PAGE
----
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NHL Insider

Lidstrom says Blashill's 'new voice' will help Detroit

Tuesday, 06.09.2015 / 4:47 PM / NHL Insider

Dan Rosen - NHL.com Senior Writer

Nicklas Lidstrom's final season in the NHL was Jeff Blashill's first.

It was 2011-12, and Blashill started the season as a 37-year-old first-time NHL assistant coach to Mike Babcock tasked with working with the Detroit Red Wings forwards. Blashill finished it as a 38-year-old ready to coach his own team in the American Hockey League.

"He did have some ideas on the power play and looking at different things we can work at, but he came in kind of on the learning curve as well, trying to get familiarized with the team and the NHL, what it's like to be part of the NHL," said Lidstrom, the former Red Wings captain.

"It was a good learning experience for him to get that one year in before being in charge at Grand Rapids."

Blashill on Tuesday became Babcock's successor as coach of the Red Wings.

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Senators GM Murray inducted into Ottawa Sports HOF

Friday, 06.05.2015 / 2:42 PM / NHL Insider

Chris Stevenson - NHL.com Correspondent

OTTAWA -- As a teenager from the Ottawa Valley town of Shawville, west of Canada's capital and across the Ottawa River in Quebec, Bryan Murray would travel into the city to play hockey.

Murray, 15 at the time, played for the Shawville Pontiacs in a Senior A hockey league, competing against and playing with men 20 years older. They played at the Auditorium when they visited Ottawa, a building long gone.

Almost 57 years later and a few blocks away from where the Auditorium used to stand, Murray will be inducted into the Ottawa Sports Hall of Fame on Friday.

"Obviously, very proud of that," said the 72-year-old Ottawa Senators general manager, who will be honored for his career in hockey, which includes 34 years in the NHL as a coach and manager.

"I'm a Valley boy from Shawville. Coming to Ottawa was a big event. We didn't come that often. We were the country bumpkins, I guess, at that point, but when we came we usually beat them in hockey."

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DeGregorio to step down as president of USA Hockey

Friday, 06.05.2015 / 3:00 AM / NHL Insider

Jon Lane - NHL.com Staff Writer

Ron DeGregorio will step down as president of USA Hockey after 12 years and four terms on Saturday with a legacy of excellence as one of the architects of the United States National Team Development Program.

Founded in 1996, the USNTDP is a two-year residency program for the top 16 and 17-year-old players in the United States. DeGregorio's vision was to build teams that can compete with the big boys of the world. Winning Olympic gold twice in 20 years (1960, 1980) wasn't enough. DeGregorio's mission was turning a miracle into a model.

"We wanted to have a program of excellence that set standards and something that people would have to compete against in terms of the most high-performance players to attract them," DeGregorio said. "I believe right now it's not a miracle when we win. Frankly it's a great disappointment when we don't win gold, let alone participate and contend very well. Our goal is to [win the gold medal] each and every tournament now. That's the perspective that I think is it a bit changed since the last two decades."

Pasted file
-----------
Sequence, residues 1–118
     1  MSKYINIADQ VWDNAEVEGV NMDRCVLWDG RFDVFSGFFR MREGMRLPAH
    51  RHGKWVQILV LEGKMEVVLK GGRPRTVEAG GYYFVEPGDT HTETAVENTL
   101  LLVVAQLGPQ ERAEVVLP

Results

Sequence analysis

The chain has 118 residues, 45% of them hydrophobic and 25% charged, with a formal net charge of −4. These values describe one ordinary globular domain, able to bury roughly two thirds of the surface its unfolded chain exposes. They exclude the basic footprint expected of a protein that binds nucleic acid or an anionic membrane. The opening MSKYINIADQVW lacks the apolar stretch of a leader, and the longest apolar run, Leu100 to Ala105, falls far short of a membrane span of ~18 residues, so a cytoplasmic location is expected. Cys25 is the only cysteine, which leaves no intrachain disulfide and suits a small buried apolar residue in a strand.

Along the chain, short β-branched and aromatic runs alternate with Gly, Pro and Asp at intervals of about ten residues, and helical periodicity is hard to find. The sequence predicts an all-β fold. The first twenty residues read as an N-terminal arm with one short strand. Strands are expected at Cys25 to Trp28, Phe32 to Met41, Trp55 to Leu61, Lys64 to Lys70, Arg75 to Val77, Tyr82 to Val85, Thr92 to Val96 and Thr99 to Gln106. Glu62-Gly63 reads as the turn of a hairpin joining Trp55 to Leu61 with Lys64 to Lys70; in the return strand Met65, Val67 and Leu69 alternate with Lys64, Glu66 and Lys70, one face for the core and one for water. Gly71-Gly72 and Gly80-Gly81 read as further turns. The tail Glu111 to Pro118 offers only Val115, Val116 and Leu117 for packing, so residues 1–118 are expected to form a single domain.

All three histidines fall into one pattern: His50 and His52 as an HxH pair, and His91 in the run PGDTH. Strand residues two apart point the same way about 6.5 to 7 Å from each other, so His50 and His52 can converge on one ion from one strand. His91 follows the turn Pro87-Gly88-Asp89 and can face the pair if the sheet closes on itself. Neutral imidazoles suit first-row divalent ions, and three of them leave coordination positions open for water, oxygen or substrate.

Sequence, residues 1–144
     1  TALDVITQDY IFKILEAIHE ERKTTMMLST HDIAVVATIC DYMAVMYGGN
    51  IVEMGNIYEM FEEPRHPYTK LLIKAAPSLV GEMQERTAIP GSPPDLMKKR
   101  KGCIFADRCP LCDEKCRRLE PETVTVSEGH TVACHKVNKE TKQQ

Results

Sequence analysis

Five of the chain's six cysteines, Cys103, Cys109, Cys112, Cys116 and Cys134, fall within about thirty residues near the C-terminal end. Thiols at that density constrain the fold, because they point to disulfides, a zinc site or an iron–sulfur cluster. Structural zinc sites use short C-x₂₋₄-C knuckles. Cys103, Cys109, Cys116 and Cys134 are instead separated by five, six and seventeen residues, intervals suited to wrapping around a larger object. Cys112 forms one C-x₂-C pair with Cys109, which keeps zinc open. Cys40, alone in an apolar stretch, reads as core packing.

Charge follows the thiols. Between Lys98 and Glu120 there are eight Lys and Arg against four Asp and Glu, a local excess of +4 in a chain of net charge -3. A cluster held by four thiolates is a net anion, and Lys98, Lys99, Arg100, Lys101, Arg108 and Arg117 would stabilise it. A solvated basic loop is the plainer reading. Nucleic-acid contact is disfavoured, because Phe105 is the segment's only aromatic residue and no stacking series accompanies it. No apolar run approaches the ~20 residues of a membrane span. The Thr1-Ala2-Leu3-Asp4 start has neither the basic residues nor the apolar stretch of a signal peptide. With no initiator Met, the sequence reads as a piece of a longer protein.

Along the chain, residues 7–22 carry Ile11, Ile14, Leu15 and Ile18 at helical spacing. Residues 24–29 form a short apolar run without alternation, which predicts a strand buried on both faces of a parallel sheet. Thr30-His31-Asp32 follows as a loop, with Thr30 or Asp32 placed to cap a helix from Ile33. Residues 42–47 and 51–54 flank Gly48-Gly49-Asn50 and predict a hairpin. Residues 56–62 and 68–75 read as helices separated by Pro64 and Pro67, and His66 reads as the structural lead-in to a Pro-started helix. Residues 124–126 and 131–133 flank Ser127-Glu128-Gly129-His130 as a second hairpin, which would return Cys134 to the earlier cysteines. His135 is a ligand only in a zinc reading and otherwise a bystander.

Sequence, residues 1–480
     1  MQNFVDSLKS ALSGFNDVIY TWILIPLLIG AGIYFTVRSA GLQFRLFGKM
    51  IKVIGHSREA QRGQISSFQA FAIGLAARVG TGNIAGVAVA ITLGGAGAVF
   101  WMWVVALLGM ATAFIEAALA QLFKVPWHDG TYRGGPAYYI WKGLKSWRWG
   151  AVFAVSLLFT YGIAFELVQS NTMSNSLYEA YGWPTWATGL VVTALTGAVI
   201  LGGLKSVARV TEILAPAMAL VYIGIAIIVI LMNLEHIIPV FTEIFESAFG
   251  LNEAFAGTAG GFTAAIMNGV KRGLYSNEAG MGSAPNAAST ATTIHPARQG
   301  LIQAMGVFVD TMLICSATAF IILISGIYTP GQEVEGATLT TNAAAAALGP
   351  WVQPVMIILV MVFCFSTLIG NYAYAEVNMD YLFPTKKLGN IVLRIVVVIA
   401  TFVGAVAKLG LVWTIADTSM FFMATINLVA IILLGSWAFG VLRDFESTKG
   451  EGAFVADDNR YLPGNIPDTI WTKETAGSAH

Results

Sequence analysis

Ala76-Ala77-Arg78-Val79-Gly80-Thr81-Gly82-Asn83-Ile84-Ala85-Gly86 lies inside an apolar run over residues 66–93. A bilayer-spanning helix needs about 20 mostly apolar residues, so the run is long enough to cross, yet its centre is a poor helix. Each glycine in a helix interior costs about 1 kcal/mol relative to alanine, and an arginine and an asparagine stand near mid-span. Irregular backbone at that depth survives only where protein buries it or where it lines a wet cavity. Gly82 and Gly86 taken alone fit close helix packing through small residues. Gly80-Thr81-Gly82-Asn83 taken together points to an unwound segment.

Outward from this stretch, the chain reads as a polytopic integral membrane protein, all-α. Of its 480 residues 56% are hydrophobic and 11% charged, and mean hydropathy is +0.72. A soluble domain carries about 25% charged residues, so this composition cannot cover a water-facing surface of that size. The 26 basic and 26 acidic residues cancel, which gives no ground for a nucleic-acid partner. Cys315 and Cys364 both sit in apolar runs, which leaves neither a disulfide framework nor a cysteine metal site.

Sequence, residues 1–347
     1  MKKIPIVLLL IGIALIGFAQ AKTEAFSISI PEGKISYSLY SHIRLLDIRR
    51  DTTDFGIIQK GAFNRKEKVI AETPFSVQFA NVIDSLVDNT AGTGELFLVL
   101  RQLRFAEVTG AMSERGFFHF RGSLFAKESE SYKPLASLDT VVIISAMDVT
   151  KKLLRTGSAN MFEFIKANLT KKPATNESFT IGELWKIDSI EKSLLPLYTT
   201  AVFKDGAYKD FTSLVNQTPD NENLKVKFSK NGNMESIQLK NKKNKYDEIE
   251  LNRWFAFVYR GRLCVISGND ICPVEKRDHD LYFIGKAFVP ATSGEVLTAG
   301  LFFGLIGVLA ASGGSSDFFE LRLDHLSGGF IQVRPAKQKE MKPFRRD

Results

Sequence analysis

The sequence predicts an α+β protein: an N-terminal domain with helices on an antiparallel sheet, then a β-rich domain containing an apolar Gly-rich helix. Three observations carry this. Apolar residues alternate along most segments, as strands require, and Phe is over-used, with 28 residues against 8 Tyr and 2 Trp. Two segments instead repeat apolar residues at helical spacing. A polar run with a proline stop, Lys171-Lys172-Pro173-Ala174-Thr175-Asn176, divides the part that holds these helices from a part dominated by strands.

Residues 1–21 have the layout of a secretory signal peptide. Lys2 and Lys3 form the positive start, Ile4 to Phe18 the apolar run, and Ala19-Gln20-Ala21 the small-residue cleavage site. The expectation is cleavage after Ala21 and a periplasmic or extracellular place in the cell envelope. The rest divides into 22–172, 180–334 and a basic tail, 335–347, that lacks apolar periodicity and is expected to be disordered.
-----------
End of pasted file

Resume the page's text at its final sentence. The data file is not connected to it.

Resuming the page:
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Devils will be fast, attacking, supportive, Shero says

Tuesday, 06.02.2015 / 2:22 PM / NHL Insider

Evan Sporer - NHL.com Staff Writer

NEWARK, N.J. -- Before New Jersey Devils general manager Ray Shero introduced coach John Hynes at Prudential Center on Tuesday, he spelled out the blueprint for what the Devils will look like under his leadership.

"Since this is really the first time I've had a chance to address everybody here, I think it's important for me to establish and say what I think exactly the identity of this hockey team is going forward," said Shero, who was hired May 4. "There are three things that I think you can identify the New Jersey Devils with moving forward, and that's going to be fast, that's going to be attacking, and that's going to be supportive."

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Rangers confident they can contend with core group

Monday, 06.01.2015 / 5:26 PM / NHL Insider

David Satriano - NHL.com Staff Writer

GREENBURGH, N.Y. -- The New York Rangers have competed in the Eastern Conference Final in three of the past four seasons, but have yet to achieve the ultimate goal of winning the Stanley Cup.

Despite being older next season, most of the players feel their chance of winning the Cup with the current group is still very high.

"We have the same core guys here for the last six or seven years and built the team around that," defenseman Dan Girardi said Monday. "Just kind of brought guys in the last 3-4 years. It just seems this team jells. We get a couple of guys at the deadline and they just fit right in. … Hopefully we will be able to get a lot of guys back for next year and have another good run."